Remember that charity begins at home, and if you cannot be civil to a fellow Christian who employs Scripture for his argument, then how can you claim to have compassion on a mass murderer?

Concerning the issue. however, turning the other cheek has nothing to do with passively taking a beating. If I forgive an insult, then I am following Christ's words (e.g., an isolated backhand, or an unkind remark). This doesn't mean I have to stand there and let someone pummel me with his fists.

Whether or no this episode of tyrannicide was justifiable, I am not going to lose sleep over it. The USA alone has murdered 51 million unborn children and counting, and that sullies every morning I have. Therfore, I'm not going to weep over the killing of one evil man; tears are better spent elsewhere.

shane said...

I just feel sorry for the 92 virgins ;)

Webmaster Gareth said...

Christianity, Catholicism, is marked by Justice - in this life and the next.

Arrest him, charge him. If convicted jail or dispatch him.

But summary execution smacks of untempered vengeance, and lowers "our" standards to those of the cold blooded murderers who kill the innocent (terrorists, abortionists etc.)

This action by the Americans was void of justice.

Michael Petek said...

Shane, it's 72 virgins, not 92.

No one told poor Osama that these virgins were women. Or even human. Or not in possession of horns, tails and pitchforks.

Webmaster Gareth, this wasn't a summary execution, it was an act of war against a commander of military forces at war. SEAL Team 6 were scrambling around the inside of a building, at night, not knowing how many people were in the building nor how many were armed.

I have no more problem with their killing bin Laden than I do with the fact that my grandfather set out to kill Hitler.

B flat said...

Your last sentence, Father, summarizes what I believe is the Christian view. That is why I am not feeling either joy, or an increased sense of security, from this operation and the idiotic disclosures which follow it. The devil's work is being done in so many violent and brazen ways, that the whole cultural atmosphere is poisonous to any follower of Christ.

nickbris said...

No need to feel sorry for the 92 Virgins,the correct translation is Sultanas which we all know is a dried currant.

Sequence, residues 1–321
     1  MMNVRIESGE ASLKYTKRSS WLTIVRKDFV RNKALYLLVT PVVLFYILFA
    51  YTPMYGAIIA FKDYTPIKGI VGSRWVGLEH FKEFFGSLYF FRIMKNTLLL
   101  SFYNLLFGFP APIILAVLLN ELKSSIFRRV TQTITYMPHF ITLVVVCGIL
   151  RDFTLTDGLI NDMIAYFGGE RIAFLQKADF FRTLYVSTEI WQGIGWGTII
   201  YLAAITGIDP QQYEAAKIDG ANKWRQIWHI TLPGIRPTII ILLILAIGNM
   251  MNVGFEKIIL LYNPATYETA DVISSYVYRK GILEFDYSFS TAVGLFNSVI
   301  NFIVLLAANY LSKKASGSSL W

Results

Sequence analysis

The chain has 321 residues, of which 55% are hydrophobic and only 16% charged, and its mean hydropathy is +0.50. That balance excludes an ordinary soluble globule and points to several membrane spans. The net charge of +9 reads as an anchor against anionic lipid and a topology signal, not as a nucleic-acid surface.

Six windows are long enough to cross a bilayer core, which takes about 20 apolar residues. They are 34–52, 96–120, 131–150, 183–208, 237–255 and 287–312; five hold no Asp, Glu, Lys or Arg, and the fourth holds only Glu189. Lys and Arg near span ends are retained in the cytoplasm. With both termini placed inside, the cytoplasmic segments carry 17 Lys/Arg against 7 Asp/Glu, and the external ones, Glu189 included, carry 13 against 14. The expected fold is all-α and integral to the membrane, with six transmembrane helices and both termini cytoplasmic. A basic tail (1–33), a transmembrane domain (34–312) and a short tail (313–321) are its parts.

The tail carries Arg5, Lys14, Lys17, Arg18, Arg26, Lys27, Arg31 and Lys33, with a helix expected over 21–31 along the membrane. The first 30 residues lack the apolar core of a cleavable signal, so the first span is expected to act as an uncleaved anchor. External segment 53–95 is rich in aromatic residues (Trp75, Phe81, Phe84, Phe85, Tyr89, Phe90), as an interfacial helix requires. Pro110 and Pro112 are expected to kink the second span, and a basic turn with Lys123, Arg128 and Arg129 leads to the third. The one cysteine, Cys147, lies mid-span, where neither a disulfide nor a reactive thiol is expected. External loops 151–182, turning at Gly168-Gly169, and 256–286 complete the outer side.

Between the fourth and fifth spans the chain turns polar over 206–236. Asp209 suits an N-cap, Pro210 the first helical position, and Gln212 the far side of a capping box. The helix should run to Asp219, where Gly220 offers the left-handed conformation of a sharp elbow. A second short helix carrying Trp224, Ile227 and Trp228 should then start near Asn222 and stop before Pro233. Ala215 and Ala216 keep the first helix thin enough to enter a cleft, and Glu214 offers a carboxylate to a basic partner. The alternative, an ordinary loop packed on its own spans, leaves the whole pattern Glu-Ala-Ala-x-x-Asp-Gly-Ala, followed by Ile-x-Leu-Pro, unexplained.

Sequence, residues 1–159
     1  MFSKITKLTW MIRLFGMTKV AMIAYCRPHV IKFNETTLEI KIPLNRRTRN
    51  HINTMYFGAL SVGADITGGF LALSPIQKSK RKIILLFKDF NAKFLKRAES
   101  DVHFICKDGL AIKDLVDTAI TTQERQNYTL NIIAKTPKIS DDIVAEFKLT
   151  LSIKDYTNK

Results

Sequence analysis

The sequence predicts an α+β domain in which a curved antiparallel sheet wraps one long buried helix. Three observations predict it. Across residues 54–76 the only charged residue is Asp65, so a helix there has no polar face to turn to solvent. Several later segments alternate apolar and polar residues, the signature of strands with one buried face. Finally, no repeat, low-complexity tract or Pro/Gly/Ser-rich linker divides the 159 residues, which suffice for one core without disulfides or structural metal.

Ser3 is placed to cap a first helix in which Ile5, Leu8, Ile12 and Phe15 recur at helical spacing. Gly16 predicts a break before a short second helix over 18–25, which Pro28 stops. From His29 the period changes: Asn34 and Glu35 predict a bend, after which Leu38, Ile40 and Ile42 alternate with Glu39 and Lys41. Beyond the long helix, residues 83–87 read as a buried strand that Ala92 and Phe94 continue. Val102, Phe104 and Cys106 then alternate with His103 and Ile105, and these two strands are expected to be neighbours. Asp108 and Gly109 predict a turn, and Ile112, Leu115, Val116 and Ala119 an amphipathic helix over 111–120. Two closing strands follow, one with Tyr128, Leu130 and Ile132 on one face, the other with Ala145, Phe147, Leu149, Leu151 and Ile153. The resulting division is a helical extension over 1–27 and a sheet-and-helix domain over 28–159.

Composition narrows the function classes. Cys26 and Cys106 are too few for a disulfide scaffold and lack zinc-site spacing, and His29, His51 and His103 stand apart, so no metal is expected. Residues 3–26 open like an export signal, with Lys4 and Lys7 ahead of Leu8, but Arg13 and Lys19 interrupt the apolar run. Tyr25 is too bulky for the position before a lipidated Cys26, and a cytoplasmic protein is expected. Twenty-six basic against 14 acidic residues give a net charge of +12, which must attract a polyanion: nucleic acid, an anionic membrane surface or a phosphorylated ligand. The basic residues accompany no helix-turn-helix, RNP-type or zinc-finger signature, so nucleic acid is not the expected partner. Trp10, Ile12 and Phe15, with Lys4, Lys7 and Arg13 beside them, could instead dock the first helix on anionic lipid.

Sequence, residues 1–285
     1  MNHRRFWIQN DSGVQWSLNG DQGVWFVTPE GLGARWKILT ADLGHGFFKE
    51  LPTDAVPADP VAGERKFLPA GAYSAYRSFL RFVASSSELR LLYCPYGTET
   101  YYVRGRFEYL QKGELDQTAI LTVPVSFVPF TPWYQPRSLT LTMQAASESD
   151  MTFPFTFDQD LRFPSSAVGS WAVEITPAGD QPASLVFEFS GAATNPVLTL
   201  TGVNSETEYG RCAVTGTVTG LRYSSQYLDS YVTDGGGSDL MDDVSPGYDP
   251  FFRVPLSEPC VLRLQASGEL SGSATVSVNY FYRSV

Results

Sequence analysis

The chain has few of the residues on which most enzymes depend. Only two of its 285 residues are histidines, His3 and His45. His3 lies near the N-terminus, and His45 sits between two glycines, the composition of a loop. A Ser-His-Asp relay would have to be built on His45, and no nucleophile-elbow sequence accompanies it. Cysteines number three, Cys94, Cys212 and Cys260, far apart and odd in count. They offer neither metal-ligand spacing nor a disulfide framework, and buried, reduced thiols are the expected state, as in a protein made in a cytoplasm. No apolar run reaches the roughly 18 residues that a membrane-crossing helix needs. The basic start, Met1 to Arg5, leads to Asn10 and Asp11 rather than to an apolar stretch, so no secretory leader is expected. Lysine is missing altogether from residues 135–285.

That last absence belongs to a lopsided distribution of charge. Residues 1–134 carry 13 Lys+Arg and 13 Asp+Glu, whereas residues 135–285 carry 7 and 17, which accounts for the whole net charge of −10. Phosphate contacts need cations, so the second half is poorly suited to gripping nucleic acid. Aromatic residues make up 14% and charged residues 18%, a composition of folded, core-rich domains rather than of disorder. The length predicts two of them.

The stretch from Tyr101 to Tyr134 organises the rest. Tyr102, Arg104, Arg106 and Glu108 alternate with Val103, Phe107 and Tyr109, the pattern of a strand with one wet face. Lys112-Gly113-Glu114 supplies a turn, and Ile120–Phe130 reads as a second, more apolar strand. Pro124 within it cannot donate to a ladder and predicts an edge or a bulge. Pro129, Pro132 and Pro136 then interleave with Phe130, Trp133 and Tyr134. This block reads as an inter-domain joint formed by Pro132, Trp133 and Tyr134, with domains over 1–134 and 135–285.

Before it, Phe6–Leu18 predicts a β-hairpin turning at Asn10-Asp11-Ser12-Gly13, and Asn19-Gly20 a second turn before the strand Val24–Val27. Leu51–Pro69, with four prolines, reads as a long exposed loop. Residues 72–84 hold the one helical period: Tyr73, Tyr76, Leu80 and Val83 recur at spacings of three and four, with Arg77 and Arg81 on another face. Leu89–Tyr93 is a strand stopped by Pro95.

gemoftheocean said...

Father, I did turn the other cheek. BOTH of them. I do so enjoy the crocodile tears of the cleric in question, simpering on about bin Laden. I suppose he'd have far and away preferred capturing him, putting him up in Europe somewhere for an impartial circus civilian trial and having hostages taken worldwide for his release (so European, doncha know?), plus the spectacle of being compassionately released to oh, say Libya on the grounds that he'd only have weeks to live, then coming 'home' to some Islamic hell-hole for a hero's welcome. That would be 'justice' in his eyes.

Fr Ray Blake said...

Glad to see you come out with a pro-Obama comment.
Our communion with Christ makes life difficult for us in such circumstances.
For Americans there is the added difficult of not recognising any international court of Human rights, regarding them all as "circuses".

gemoftheocean said...

Okay, remind me. Other than Speer, what high up Nazi didn't get hanged at the end of the day? And that was 65 years ago, before all this PC BS.
Radical Muslims will not be happy until everyone in the West converts to their form of fanaticism. I am sooo sure that in order to get a 'fair trial' the worthless international courts would have insisted on a 'jury of his peers' - in other words, having a bunch of Islamofascists on the jury so as to ensure a 'not guilty' verdict. As for Obama, yeah, right on that one. Not that a retarded 8 year old couldn't have made that call within 5 minutes instead of the '16 hours' it took him to pull it together. Apparently Hillary and Leon Panetta held a gun to his head or something.

pelerin said...

As we all know forgiving our enemies is often not an easy task but it is a Christian directive to be followed.

A short video by the American Priest Fr Robert Barron (linked from De Cura Amimarum) explains further the necessity for forgiving our enemies as we are all brothers. He ends by saying that 'even Osama Bin Laden is our brother.'

johnf said...